The Youth Think Tank is a research group made up of young people from the Foundation's networks. In partnership with Restless Development, it trains and mentors young people to conduct research, collect evidence, and document youth needs, challenges, and aspirations. In 2020 the Youth Think Tank developed research asking the question "how can development practitioners, policymakers, and academics better support small-scale entrepreneurs to expand their businesses and create employment opportunities in Sub-Saharan Africa?" Key Findings Young people can be a part of the solution to the employment challenge when supported to do so. With support, young entrepreneurs can better understand their markets before seeking business opportunities. Young entrepreneurs can grow their businesses by building their competitive advantage. Young entrepreneurs need access to tailored skill-building opportunities and financial capital from trusted sources to grow their businesses.Young entrepreneurs are building their resilience to COVID-19 and adapting their businesses to the 'new normal'.
To bolster census education and outreach efforts to families with young children in LA County, a group of 8 funders joined forces and pooled nearly $1 million to create the Early Childhood Census 2020 Fund (ECCF) in the summer of 2019. Although a commitment to census outreach efforts and investment was underway at a broader state and county level, ECCF drew attention to the need to have a separate, more concerted approach to focusing on the hardest-to-count population. 12 organizations received ECCF grants. These organizations ranged in size, population served, geography, and services in healthcare, education, social services, faith-based, and community organizing. ECCF's target population and the implementation of peer learning sessions aimed to foster connections and strengthen relationships across grantees. Two virtual learning sessions created space for grantees to share strategies for reaching families with young children, ask questions, and discuss challenges. The following summary provides key highlights from an evaluation of ECCF conducted by Engage R+D. Learnings from this evaluation are based on interviews with the grantees and managing funders as well the review of grant reports and observations of funder meetings.
Socius: Sociological Research for a Dynamic World;
Despite a recent call for an expanded research agenda that is more likely to produce tangible societal reductions in inequality, efforts to articulate how social scientists can actually pursue this agenda remain few and far between. The central question this article addresses is, What can social scientists do to deliver the forms of knowledge that may lead to a reduction of social inequalities in youth outcomes and opportunities at large scale? Drawing on conceptualizations of inequality that pay attention to mechanisms of distributional and relational inequality, and examples of initiatives from a diverse array of the social sciences, the authors delineate six pathways for the kind of research that may generate reductions in youth inequality at scale. The authors conclude with a set of proposals for what academic institutions can do to train and support researchers to carry out this research agenda.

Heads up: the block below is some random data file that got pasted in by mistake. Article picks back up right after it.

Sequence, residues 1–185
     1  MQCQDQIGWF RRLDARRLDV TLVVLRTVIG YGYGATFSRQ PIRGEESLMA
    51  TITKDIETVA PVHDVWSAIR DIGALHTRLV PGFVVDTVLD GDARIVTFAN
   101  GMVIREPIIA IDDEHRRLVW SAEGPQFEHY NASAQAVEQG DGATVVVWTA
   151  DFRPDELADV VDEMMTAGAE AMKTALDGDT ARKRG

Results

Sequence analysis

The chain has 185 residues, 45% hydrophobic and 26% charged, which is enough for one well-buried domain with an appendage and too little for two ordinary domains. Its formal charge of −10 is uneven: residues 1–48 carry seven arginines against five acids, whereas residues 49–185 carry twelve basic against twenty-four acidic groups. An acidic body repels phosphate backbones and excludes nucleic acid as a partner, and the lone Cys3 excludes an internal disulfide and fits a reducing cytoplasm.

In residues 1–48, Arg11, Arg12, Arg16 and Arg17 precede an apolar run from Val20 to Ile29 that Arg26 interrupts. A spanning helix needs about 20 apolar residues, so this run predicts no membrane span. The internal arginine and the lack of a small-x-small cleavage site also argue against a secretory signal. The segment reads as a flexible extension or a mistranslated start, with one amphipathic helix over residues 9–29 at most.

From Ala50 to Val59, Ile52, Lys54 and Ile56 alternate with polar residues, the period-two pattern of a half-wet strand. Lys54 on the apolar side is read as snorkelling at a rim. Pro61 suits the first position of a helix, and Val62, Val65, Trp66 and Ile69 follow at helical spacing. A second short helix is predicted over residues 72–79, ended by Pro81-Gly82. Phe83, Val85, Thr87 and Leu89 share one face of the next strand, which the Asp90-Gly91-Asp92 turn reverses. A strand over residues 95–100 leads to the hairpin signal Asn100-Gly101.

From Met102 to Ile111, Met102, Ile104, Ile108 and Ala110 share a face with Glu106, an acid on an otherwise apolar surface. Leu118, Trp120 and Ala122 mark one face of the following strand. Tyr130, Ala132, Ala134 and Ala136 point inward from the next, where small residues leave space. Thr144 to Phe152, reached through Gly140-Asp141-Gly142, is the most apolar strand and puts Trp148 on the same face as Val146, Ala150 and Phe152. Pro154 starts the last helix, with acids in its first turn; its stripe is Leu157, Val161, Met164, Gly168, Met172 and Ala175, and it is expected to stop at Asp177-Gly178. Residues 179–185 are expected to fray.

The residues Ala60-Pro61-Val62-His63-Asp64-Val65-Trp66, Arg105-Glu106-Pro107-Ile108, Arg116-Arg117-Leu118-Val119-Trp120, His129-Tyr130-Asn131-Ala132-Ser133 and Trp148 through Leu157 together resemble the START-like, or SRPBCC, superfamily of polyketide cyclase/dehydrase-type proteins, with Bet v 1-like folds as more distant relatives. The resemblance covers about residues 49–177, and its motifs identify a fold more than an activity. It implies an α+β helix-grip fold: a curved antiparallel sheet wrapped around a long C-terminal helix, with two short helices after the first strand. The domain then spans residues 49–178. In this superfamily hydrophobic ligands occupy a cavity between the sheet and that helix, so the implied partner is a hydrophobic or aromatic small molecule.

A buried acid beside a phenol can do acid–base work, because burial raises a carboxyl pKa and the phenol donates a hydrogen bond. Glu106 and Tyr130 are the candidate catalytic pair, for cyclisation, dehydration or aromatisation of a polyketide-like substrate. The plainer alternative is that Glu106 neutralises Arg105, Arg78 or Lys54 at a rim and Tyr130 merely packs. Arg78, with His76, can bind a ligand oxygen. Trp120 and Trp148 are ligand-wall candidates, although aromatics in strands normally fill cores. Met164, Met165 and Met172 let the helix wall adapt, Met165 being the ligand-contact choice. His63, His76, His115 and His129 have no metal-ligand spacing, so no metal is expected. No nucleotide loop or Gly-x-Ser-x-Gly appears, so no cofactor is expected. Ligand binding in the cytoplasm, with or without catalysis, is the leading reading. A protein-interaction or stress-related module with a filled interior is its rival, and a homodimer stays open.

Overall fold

William T. Grant Foundation;
William T. Grant Foundation's most recent annual report compiles lists of all active grants, provides an overview of the Foundation's assets and spending, and includes letters from the President and Board Chair.
Annie E. Casey Foundation;
The 32nd edition of the Annie E. Casey Foundation's KIDS COUNT® Data Book describes how children across the United States were faring before — and during — the coronavirus pandemic.This year's publication continues to deliver the Foundation's annual state rankings and the latest available data on child well-being. It identifies multiyear trends — comparing statistics from 2010 to 2019. In addition, the report shares data on how families endured throughout the pandemic.
Research suggests more students have experienced more unfinished learning over the last year than ever before. With the COVID-19 pandemic waning, school systems are facing a critical choice about how to respond. Should they use the traditional approach of reviewing all the content students missed, known as remediation? Or should they start with the current grade's content and provide "just-in-time" supports when necessary, known as learning acceleration?New data from Zearn, a nonprofit organization whose online math platform is used by one in four elementary students nationwide, provides one of the first direct comparisons of these two approaches—and compelling new evidence that school systems should make learning acceleration the foundation of their academic strategies next year and beyond.